Teachers of math and English/language arts in states following the common-core standards are playing a strong role in developing or selecting the classroom resources they use, a report has found.
More than 90 percent of math educators surveyed on the report, for instance, said they either selected or developed their own materials. And many teachers at the elementary level said they used those self-selected or developed materials frequently—at least once a week.
Educators at the secondary level also made those choices, but less often, according to the report, released by the RAND Corporation.
Teachers in the states aligned to common-core standards also reported relying heavily on resources selected or developed by their districts, said the report, released by the RAND Corporation.
The results are drawn from two web-based, nationally representative surveys given to a group of educators known as the American Teacher Panel, which form the basis of the research conducted last year by RAND. Teachers were asked about their perceptions of instructional content and their alignment with their states’ standards, and about what classroom materials they use and what factors influence their choices.
See the full survey results about the materials that math teachers choose, below.
An important note: Even if teachers said they or their districts have a lot of say selecting or developing resources, that doesn’t necessarily mean they crafted or picked those resources while rejecting commercial options. The teachers surveyed, in fact, could have been indicating that they have a lot of latitude in their own K-12 materials—and that they ended up selecting commercial resources as the best option for their classes, noted Julia H. Kaufman, a policy researcher at RAND and co-author of the report.
About 1,700 educators responded to the first survey, and 1,200 answered the second. The authors broke down the survey results from teachers in states that use standards acknowledged to be “similar or adapted from” the common core.
Respondents in common-core aligned states were asked how frequently they use various instructional materials during the 2015-16 academic year. The options included resources they found or created on their own, as well as big, openly licensed education catalogs like EngageNY, and commercial texts from various publishers.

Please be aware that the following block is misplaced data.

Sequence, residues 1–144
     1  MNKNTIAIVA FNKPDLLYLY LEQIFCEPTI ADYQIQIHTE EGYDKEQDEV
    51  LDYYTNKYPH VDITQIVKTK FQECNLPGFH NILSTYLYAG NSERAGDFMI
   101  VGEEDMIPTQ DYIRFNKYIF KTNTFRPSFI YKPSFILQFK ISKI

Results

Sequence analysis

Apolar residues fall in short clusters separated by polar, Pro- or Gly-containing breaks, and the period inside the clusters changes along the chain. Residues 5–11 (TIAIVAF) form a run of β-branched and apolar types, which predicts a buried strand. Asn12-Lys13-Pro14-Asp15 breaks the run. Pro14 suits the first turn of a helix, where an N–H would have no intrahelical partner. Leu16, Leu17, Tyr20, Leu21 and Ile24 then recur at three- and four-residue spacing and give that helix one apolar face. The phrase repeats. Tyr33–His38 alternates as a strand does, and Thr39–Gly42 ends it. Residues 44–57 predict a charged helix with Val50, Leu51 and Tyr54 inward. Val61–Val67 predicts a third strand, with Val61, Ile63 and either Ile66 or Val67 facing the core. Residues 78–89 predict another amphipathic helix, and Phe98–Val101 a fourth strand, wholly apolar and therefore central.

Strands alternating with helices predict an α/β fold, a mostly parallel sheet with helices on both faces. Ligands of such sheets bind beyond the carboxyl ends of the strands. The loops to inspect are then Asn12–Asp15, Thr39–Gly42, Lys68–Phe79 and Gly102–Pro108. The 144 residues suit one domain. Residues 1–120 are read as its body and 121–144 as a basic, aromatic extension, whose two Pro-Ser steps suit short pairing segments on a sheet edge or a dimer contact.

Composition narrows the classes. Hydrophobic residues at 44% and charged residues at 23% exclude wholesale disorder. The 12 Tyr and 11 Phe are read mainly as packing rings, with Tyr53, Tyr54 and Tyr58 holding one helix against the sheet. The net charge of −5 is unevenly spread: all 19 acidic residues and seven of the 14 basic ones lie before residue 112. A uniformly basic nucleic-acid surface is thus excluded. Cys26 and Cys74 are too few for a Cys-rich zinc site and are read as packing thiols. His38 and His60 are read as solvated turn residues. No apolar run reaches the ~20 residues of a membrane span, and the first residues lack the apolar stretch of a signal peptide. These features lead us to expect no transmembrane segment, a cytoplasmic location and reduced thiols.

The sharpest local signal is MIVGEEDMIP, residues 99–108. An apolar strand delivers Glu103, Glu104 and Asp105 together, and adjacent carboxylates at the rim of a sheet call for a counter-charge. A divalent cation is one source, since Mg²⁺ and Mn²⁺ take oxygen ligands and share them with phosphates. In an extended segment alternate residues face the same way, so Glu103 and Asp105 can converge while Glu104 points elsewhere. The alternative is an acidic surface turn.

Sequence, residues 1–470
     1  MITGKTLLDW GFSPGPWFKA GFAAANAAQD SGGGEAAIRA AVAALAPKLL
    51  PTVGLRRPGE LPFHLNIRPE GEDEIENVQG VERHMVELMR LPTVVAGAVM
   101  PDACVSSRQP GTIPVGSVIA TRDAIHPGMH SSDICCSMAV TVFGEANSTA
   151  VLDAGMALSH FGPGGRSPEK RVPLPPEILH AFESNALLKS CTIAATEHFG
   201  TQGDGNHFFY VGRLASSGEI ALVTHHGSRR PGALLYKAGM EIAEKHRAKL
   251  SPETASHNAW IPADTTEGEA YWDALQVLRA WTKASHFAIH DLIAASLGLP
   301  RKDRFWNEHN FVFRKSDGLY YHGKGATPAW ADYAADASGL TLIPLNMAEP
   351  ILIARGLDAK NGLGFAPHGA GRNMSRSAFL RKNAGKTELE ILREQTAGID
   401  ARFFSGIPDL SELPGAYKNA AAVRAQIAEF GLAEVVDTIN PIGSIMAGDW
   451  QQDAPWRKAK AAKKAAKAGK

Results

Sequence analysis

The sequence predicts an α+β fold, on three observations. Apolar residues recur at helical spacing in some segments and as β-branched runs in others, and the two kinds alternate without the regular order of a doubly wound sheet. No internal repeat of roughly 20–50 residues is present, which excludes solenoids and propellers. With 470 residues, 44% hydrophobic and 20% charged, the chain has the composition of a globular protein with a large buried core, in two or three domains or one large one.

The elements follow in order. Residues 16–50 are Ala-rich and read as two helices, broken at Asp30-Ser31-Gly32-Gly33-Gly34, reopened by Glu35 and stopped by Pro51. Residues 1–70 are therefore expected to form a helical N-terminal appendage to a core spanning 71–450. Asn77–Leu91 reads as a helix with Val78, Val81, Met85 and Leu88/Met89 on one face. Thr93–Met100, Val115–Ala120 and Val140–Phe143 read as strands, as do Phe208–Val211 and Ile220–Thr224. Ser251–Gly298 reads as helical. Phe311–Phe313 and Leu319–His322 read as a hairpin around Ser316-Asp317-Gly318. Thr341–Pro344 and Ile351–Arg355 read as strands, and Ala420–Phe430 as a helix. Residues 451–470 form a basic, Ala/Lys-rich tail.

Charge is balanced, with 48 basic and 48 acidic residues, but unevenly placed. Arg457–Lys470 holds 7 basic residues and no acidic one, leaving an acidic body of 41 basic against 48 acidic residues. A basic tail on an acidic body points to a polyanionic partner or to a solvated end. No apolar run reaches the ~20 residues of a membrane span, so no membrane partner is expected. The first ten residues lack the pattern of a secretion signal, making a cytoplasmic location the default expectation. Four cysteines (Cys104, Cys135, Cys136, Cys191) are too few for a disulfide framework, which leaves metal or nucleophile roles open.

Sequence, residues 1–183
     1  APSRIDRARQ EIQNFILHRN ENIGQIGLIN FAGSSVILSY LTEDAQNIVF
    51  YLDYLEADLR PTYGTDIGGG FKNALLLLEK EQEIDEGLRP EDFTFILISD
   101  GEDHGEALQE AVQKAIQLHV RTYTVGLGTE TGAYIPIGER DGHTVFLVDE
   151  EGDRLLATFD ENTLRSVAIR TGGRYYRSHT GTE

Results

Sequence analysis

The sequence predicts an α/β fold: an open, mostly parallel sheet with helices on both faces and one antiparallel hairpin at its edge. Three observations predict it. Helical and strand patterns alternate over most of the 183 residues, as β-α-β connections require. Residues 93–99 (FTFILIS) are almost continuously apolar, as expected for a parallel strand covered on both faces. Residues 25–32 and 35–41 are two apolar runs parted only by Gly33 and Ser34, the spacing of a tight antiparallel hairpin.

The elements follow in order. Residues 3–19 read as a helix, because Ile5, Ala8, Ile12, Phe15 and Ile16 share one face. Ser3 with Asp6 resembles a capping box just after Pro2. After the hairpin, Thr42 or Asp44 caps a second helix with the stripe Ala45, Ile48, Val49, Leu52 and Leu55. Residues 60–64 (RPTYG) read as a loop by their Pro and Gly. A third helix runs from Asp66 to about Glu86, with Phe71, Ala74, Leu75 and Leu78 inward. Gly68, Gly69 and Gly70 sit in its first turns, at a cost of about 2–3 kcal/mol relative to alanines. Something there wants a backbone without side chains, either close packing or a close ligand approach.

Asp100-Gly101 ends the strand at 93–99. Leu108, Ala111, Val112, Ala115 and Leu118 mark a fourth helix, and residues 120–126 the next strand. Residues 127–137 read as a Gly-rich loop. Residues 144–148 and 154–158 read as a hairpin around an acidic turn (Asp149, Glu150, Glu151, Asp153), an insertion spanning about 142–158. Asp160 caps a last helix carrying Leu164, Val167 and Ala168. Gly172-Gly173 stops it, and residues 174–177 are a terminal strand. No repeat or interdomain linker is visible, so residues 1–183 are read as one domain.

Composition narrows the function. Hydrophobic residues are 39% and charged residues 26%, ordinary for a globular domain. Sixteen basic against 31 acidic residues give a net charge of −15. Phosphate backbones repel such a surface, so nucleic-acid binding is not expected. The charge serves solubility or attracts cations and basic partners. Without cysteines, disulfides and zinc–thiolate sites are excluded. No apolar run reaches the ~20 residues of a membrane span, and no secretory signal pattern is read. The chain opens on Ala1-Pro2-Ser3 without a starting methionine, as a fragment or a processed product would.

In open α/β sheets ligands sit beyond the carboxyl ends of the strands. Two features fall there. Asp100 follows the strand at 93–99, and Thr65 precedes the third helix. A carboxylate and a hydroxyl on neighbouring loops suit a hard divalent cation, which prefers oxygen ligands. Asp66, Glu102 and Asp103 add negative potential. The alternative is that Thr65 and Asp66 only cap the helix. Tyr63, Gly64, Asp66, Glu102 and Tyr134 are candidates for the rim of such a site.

Here are the results for math, which show huge portions of educators saying they selected or developed their own materials:
While responses were collected from both secondary and elementary teachers, the authors point out that some of the resources educators were asked about are meant to be used at one set of grades more so than another, which could affect how educators responded.
Teachers of English/language arts were similarly attracted to materials they or their districts had either selected or developed, the report found. English/language arts educators also gravitated toward texts that were “leveled” to readers’ skill levels, as opposed to being targeted to specific grades, the report found.
The authors point out that the report is not meant to provide a causal connection between the adoption of the standards and the instructional materials that teachers use. But the research may offer clues on how state standards, including the common core, are influencing teachers’ use of classroom resources. More than 40 states originally adopted the common-core standards, though many have backed away from them since then.
English Teachers Want Skill-Specific Resources
In another finding in RAND’s research, math teachers in states with standards aligned to the common core appear to be relying on instructional materials tied to those standards to a greater extent than their peers teaching English/language arts.
But “there is less evidence of the role that state standards may be playing” in English/language arts use of instructional materials, says the report, which suggests those educators may be focused on other, pressing concerns.
For instance, the “dominant materials” used by English/language arts educators at the elementary level are “leveled” resources, in which students are given texts at their the reading level, rather than their grade level. That’s especially true among teachers who work with large populations of English-language learners and students from economically disadvantaged backgrounds.
The report also found differences in how teachers at different grade levels use instructional resources.
Elementary teachers, for instance, report being required to use specific materials more often than teachers at the secondary level. Secondary teachers were also less likely to report drawing on district instructional materials, and more likely to find resources on their own.
“It’s kind of a double-edged sword,” Kaufman, of RAND. Secondary teachers “get freedom [to choose materials] but they don’t get as much guidance.”